The vast majority of the world’s communications are not carried by satellite, but an altogether older technology : cables under the ocean.
300,000 Norwegians move house every year. If the pattern made by this process could be compressed into one short animation, what would would it look like? What could you learn about your country from such an animation, if anything?
Deluge is a C++ application designed to answer these questions. The underlying data was generated by cross referencing Norwegian tax records from 2006 and 2007 to find changes in postal codes.
HT @Even Westvang via @Notcot
Lovely and simple.
Over the past few weeks, Fanthom have being building two interactive installation pieces for the lobby of GE’s headquarters in Fairfield, Connecticut. The pieces are part of the GE Works campaign, which describes and organizes the company’s work with four verbs: Powering, Curing, Building, and Moving. Fathom’s job was to show how data can illustrate these first two activities.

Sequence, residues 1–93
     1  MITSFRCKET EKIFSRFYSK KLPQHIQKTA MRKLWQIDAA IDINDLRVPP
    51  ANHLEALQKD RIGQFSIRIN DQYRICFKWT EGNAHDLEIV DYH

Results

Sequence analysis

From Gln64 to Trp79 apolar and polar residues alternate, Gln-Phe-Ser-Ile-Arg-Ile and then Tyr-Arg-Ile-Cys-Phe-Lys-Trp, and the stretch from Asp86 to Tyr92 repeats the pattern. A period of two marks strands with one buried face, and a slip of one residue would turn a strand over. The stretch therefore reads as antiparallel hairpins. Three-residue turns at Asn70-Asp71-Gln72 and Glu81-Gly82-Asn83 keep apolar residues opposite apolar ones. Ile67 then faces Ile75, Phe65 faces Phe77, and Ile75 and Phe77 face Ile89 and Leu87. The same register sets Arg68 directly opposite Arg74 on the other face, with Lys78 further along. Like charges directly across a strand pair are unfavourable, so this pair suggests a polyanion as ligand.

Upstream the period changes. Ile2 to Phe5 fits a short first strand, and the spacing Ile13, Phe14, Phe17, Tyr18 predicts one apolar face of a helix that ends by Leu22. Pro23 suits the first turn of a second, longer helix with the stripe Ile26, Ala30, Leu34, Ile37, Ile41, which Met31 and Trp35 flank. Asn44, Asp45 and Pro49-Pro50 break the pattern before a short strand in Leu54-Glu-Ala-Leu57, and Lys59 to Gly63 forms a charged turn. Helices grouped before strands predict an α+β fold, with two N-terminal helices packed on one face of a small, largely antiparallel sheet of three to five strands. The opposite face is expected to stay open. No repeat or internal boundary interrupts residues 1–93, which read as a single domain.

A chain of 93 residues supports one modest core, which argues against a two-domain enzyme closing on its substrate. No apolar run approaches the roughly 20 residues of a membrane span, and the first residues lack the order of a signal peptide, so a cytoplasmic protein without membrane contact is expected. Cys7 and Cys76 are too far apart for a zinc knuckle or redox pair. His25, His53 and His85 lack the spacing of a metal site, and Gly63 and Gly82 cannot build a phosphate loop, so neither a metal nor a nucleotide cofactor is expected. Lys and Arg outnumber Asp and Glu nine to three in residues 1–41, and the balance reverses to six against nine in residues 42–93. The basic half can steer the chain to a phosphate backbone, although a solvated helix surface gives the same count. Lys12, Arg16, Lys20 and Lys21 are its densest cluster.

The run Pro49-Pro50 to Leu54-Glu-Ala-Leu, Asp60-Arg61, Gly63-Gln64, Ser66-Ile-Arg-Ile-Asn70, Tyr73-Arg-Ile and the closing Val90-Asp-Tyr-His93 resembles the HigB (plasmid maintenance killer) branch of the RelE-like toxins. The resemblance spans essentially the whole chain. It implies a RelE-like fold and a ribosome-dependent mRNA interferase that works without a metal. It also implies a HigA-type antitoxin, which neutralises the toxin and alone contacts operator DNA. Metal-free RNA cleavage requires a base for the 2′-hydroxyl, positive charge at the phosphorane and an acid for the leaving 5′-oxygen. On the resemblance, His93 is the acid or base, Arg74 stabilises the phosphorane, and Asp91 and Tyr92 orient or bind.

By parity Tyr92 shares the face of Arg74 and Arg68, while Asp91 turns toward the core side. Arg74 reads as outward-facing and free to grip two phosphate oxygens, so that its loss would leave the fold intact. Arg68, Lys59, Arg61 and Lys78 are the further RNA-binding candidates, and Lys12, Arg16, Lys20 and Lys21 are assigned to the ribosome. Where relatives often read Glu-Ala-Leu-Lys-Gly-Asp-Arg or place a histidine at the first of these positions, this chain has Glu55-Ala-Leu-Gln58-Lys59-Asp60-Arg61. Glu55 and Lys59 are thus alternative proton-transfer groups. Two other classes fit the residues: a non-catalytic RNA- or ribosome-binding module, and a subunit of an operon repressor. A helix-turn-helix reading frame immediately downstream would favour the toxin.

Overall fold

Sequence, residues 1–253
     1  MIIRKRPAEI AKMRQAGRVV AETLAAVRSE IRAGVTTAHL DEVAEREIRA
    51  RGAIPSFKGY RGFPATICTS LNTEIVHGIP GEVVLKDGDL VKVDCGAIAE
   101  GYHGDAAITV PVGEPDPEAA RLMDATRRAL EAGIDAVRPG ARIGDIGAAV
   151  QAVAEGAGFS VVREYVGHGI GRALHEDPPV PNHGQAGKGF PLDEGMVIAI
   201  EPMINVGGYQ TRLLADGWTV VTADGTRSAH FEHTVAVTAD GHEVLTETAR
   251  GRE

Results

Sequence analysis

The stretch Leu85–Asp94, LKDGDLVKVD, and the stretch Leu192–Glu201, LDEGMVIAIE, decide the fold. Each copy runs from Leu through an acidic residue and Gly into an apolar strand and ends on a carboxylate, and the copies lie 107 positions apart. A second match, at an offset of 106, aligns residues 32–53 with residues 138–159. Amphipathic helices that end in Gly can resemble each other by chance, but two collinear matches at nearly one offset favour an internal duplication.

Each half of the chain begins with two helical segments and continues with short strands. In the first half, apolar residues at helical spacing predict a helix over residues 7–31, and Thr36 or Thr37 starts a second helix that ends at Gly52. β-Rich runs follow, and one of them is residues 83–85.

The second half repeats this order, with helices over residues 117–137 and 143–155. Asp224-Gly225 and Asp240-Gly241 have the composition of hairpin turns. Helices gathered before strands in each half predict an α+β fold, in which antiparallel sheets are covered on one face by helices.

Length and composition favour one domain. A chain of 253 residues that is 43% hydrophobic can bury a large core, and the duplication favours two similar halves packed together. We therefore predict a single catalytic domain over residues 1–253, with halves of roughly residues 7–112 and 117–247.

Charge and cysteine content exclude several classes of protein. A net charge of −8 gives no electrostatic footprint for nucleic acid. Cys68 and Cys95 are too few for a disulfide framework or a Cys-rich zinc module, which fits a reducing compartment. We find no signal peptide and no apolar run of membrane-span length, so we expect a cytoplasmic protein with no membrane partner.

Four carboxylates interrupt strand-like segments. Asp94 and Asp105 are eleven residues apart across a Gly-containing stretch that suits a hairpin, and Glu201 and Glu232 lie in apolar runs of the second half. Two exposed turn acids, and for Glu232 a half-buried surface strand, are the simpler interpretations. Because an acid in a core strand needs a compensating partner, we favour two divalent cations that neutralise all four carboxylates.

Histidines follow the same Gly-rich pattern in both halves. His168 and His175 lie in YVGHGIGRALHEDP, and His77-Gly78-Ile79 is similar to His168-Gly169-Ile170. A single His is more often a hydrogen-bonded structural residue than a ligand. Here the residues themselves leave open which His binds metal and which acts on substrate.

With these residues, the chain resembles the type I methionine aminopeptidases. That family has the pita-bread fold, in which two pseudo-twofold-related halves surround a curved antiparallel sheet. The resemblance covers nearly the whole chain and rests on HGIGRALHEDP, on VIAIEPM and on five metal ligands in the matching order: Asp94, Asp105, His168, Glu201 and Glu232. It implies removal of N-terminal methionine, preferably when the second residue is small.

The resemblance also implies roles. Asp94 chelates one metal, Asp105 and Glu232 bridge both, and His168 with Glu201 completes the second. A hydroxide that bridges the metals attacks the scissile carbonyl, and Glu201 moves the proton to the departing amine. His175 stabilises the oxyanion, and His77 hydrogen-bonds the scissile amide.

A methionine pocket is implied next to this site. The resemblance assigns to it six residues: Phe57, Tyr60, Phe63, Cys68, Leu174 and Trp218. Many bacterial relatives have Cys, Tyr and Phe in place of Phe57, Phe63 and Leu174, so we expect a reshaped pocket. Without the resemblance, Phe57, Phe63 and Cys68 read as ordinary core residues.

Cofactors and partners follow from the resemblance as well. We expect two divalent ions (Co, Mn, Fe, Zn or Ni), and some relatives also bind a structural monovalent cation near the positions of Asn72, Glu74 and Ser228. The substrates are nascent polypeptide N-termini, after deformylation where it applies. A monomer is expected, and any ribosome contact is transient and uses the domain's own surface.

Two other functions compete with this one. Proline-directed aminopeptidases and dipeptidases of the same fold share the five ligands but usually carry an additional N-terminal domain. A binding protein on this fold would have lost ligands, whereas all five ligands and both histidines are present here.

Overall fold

See something or say something: New York
Red dots are locations of Flickr pictures. Blue dots are locations of Twitter tweets. White dots are locations that have been posted to both.
Calling a crowd of people an abstraction of a boxing match is a bit like decoding this data visualisation.
This is one incredible temperature dataviz of Helsinki temperature 2010 by designer, nicotron. “Colourdar is a data visualization project annual temperature of different cities in a calendar format.”
See more of Nick’s temperature visualizations at: colourdar